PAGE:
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United States ex rel. Christie v. Modern Manufacturing and Engineering, Inc.

United States District Court, D. Minnesota

July 3, 2018


          Nathaniel F. Smith and Susan M. Coler, HALUNEN LAW, for John Christie.

          James F. Baldwin, MOSS & BARNETT, PA, for defendants.



         This case involves an action for damages and civil penalties under the Federal False Claims Act, 31 U.S.C. §§ 3729-3733 (“FCA”). Relator John Christie, on behalf of the United States, alleges that Modern Manufacturing and Engineering, Inc. (“MME”) and its owner Hue Van Lien (collectively “Defendants”) falsely represented that MME followed required quality control processes in manufacturing parts to fulfill government contracts and subcontracts and falsely represented MME's status as a Small Disadvantaged Business (“SDB”) for purposes of government contracting. Presently before the Court is Defendants' Motion to Dismiss pursuant to Federal Rule of Civil Procedure 12(b)(6).

         Because Christie fails to plead allegations of fraud with sufficient particularity, the Court will grant Defendants' motion and dismiss the action without prejudice.



         Relator John Christie has been working for MME as a parts inspector since 2013, inspecting parts to ensure compliance with contractual requirements. (Compl. ¶¶ 11, 77, Sept. 7, 2016, Docket No. 1.) MME is a manufacturing company with its principal offices in Brooklyn Park, Minnesota. (Id. ¶ 14.) MME provides “milling, turning, and engineering services to a variety of contracting partners, including Alliant Techsystems (ATK), L3 Communications, Lockheed Martin, and Rockwell Collins” and manufactures parts used for aerospace, commercial, military, and medical applications. (Id. ¶ 12.) MME reported about $21 million in sales for 2012, and Christie estimates that 50 percent of its sales are to the Government. (Id. ¶ 13.) Hue Van Lien is the owner and CEO of MME. (Id. ¶ 15.) He is an Asian Pacific American. (Id.)

         A. Government Compliance Regulations 1. Inspection Standards

         The United States requires its contractors to meet various inspection standards, such as the Federal Acquisition Regulations (“FAR”). (See Id. ¶¶ 29-33.) Contracts involving “complex or critical items” require compliance with higher-level quality standards, which include a parts-inspection requirement dictated by MIL-STD-1916. (Id. ¶¶ 35-39.) MIL-STD-1916 is the currently approved Department of Defense Test Methods Standard for Acceptance of Product. (Id. ¶ 45.) When referenced in a contract, MIL-STD-1916 applies to the prime contractor “and should be extended to subcontractors or vendor facilities.” (Id. ¶ 47.) It requires contractors “to submit deliverables that conform to requirements and to generate and maintain sufficient evidence of conformance.” (Id. ¶ 48 (quoting MIL-STD-1916 Foreward, ¶ 7).)

         MIL-STD-1916 requires contractors to perform sampling inspection in accordance with certain standards unless the contractor has submitted an alternate acceptance method. (Id. ¶ 50 & n.3.) Section 4.2 sets out various sampling plans, indexed by verification levels and lot or production interval size. (Id. ¶¶ 50-52.) The purpose of inspecting sample sizes is to identify nonconforming units and implement corrective action for that portion of the lot to ensure that the government receives “only products that conform with all contract requirements and specifications.” (Id. ¶¶ 55-58.)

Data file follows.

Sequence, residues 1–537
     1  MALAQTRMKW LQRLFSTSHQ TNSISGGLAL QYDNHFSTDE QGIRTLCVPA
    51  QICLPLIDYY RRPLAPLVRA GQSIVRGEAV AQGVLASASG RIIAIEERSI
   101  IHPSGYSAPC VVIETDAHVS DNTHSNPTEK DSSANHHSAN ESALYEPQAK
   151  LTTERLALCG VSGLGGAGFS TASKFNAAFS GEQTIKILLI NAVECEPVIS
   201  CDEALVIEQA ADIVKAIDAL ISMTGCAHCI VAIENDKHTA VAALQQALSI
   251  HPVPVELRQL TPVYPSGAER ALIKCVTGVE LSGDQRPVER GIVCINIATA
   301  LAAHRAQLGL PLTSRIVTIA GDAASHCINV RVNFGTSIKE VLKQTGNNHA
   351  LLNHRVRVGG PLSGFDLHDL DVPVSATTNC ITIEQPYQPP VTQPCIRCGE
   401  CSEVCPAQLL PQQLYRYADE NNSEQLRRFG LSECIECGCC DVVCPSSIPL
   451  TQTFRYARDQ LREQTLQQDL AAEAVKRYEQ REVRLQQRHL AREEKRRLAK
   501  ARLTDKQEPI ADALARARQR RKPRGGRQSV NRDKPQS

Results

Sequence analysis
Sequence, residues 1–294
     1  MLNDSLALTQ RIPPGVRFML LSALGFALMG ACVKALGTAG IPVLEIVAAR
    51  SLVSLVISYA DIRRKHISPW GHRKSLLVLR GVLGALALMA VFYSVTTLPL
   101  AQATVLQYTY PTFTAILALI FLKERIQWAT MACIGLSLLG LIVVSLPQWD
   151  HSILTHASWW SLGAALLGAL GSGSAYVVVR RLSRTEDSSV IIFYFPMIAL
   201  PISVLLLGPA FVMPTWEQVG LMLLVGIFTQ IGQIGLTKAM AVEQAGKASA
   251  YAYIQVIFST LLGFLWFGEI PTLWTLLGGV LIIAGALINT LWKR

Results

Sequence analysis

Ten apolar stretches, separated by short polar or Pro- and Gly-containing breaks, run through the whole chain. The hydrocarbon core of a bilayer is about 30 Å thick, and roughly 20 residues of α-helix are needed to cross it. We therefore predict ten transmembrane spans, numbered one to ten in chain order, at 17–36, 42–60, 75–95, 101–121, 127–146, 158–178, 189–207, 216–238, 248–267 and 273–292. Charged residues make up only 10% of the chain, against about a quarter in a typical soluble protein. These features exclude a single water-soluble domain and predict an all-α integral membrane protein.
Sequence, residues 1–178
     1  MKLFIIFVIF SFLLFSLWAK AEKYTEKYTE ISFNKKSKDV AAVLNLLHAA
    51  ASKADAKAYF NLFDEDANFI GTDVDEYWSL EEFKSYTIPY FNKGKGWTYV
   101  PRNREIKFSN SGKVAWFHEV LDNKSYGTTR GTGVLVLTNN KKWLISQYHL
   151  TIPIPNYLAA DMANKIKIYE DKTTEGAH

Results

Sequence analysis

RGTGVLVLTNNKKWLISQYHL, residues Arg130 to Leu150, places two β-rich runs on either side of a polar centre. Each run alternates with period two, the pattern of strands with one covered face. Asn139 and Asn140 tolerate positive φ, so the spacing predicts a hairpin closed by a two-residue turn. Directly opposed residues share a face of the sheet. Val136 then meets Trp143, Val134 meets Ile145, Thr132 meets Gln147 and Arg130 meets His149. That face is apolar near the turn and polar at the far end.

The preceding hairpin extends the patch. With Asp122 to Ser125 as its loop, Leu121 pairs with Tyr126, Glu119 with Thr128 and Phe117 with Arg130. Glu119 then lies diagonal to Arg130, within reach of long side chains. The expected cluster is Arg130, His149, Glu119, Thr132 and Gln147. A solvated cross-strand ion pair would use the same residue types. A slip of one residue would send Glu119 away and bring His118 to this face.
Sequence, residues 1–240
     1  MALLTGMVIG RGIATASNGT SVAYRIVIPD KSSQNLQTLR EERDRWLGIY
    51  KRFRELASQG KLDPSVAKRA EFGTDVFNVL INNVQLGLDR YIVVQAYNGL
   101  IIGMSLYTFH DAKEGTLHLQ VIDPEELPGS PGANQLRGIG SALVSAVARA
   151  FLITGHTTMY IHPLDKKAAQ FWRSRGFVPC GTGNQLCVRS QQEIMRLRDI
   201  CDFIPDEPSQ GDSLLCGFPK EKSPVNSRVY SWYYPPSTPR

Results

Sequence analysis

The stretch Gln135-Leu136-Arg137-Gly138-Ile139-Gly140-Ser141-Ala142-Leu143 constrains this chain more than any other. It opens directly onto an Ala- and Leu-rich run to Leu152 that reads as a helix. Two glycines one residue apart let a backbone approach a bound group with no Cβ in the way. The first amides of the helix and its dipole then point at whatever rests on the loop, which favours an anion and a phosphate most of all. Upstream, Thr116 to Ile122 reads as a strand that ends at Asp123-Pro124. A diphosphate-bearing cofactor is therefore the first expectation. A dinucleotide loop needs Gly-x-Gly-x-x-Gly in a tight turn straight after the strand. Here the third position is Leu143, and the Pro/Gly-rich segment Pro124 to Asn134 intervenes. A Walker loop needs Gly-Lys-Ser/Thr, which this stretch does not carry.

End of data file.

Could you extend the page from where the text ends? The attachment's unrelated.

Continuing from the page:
2. Verification of Conformance

         Government contracts require verification of conformance under 48 C.F.R. § 52.246-15 in the form of a Certificate of Conformance. (Id. ¶ 40.) In some cases, the FAR allows these certificates to be used instead of source inspection at the discretion of the contracting officer. (Id. ¶ 41 (citing FAR § 46.504).)

         3. Small Disadvantaged Business Status

         Federal regulations require contractors intending to do business with the Government to submit and maintain accurate information in a central database called the System for Award Management (“SAM”). (Id. ¶ 60.) The SAM record “includes a series of representations and certifications by the participating business to verify eligibility to bid on federal government contracts set aside for small businesses of various types.” (Id. ¶¶ 62-63.) For a business claiming SDB status, the SAM record includes a certification that the business is SDB certified by the Small Business Administration (“SBA”) and that “no material change in disadvantaged ownership and control has occurred since [the business's] certification.” (Id. ¶ 64 (quoting FAR § 52.212-3(c)(10)(i)(A)).)

         To qualify as an SDB, a company must show that it is controlled by a socially and economically disadvantaged individual. (Id. ¶ 72 (citing 15 U.S.C. § 637(a)(4); 13 C.F.R. § 124.1002(b)(3)).) Asian Pacific Americans are presumed to be socially disadvantaged. (Id.) To qualify as economically disadvantaged, an individual must show diminished capital and credit opportunities. (Id.)

         Using the SAM, the SBA generates an internal database of small businesses called the Dynamic Small Business Search (“DSBS”). (Id. ¶ 67.) Government entities use the SAM and the DSBS to identify potential businesses that meet requirements for particular government contracts and to publish solicitations for bids in databases that are accessible to SAM-registered entities. (Id. ¶¶ 68-69.) Vendors submitting bids on government contracts must include relevant representations and certifications, including status as an SDB, either in the bid or through its SAM record. (Id. ΒΆΒΆ 70-71.) Any time a business willfully seeks and receives an award intended for SDBs by ...

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